VANCOUVER, BRITISH COLUMBIA, Jun 13 (MARKET WIRE) —
The percentage of B.C. and Yukon secondary school students who passed
their provincial exams hit a five-year high in 2009, leading to the
highest graduation rates in the region since 2005, according to the
Fraser Institute’s annual Report Card on Secondary Schools in British
Columbia and the Yukon.
This year’s results show that 8.7 per cent of tests written by B.C. and
Yukon secondary school students in 2009 received a failing grade,
compared to 9.1 per cent in 2008. This measure of student achievement has
shown a significant improvement since 2005, along with the graduation
rate, which reached a five-year high of 95.8 per cent in 2009.
“The report card brings these achievements to the attention of
parents and educators, allowing schools to share and celebrate their
success with the community, and with one another,” said Michael
Thomas, Fraser Institute associate director of school performance studies
and co-author of the report card.
“For schools that didn’t see an improvement in their academic
performance, educators can use the report card to identify areas in which
improvement can be made and seek advice from similar schools that have
improved academically. The report card helps connect schools that may
need help with those which have improved.”
The Fraser Institute’s secondary school report card is the only
convenient, objective source measuring the academic performance of B.C.
and Yukon secondary schools. It allows parents and educators to analyze
how local schools are performing compared to one another, and compared to
the regional average. The report card shows whether schools are improving
or declining academically based on Grade-12 provincewide exam results and
grade-to-grade transition data provided by the B.C. Ministry of
Education, which administers the school curriculum and provincial exams
in both B.C. and the Yukon.
In tandem with the report card, the Institute’s interactive website,
www.compareschoolrankings.org, allows users to easily compare the
performance of 288 public and private secondary schools from across B.C.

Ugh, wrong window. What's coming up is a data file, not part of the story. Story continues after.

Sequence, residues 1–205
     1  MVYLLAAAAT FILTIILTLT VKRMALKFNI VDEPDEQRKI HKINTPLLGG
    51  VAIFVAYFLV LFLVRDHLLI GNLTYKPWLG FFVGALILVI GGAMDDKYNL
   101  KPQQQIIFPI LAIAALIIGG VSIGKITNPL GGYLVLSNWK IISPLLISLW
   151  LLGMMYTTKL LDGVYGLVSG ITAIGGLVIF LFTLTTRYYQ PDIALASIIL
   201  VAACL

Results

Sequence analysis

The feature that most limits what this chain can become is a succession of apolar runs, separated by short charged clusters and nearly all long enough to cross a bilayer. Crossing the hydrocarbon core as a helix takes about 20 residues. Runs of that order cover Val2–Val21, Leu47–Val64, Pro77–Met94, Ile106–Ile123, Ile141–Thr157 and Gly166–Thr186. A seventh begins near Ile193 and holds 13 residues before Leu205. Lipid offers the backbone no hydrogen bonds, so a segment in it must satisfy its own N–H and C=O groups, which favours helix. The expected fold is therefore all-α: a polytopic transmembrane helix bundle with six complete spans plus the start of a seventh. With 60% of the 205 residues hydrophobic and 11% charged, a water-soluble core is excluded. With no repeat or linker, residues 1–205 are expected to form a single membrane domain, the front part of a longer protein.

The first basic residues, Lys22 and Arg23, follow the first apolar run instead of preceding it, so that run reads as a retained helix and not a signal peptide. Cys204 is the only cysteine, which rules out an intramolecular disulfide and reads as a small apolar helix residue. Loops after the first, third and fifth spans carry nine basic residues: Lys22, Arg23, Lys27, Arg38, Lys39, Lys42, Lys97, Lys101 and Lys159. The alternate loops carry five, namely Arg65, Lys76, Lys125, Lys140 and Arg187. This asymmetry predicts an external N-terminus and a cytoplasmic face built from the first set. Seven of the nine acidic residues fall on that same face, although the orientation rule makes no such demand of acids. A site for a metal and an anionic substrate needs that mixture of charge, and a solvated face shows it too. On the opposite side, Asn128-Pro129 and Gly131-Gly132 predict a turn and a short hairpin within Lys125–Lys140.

and the Yukon using seven key indicators of school performance. Users can
create downloadable charts displaying the results.
“This interactive website makes comparing schools even easier. You
can compare up to five schools at once based on specific academic
measurements such as the percentage of exams written at the school that
were awarded a failing grade. You can also see whether the performance at
a school is improving or deteriorating on any of the academic
indicators,” Thomas said.
“These detailed comparisons provide parents with the information
they need to ask school principals and teachers important questions about
how their child’s school is performing.”
Parents and educators have shown significant interest in having the
ability to track and compare school performance. In 2009 alone, visitors
to the Fraser Institute’s website requested nearly 153,100 tables of
detailed results for individual B.C. and Yukon secondary schools.
The report card contains enough data to allow for valid comparisons among
schools, and Thomas reiterated that the purpose of the report card is to
encourage schools to improve.
“Every school has the responsibility to provide its students,
regardless of their personal characteristics or family background, with
the academic skills they need to be successful in later life. The Fraser
Institute report card is the only source for parents and educators to
quickly and easily determine how their local schools are doing compared
to the provincial average, and compared to one another,” Thomas said.
The complete Report Card on Secondary Schools in British Columbia and the
Yukon 2010 can also be downloaded as a free PDF at
www.fraserinstitute.org or www.compareschoolrankings.org.
Thomas will be in Vancouver and available for in-person interviews on
Sunday, June 13 and the morning of Monday, June 14.
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The Fraser Institute is an independent Canadian public policy research
and educational organization with offices in Vancouver, Calgary, Toronto,
and Montreal and ties to a global network of 75 think tanks. Its mission
is to measure, study, and communicate the impact of competitive markets
and government intervention on the welfare of individuals. To protect the
Institute’s independence, it does not accept grants from governments or
contracts for research. Visit www.fraserinstitute.org.
Fraser Institute – Media Contact
Associate Director of School Performance Studies
(416) 363-6575 ext. 223 or Mobile: (416) 399-1802
Director of Communications
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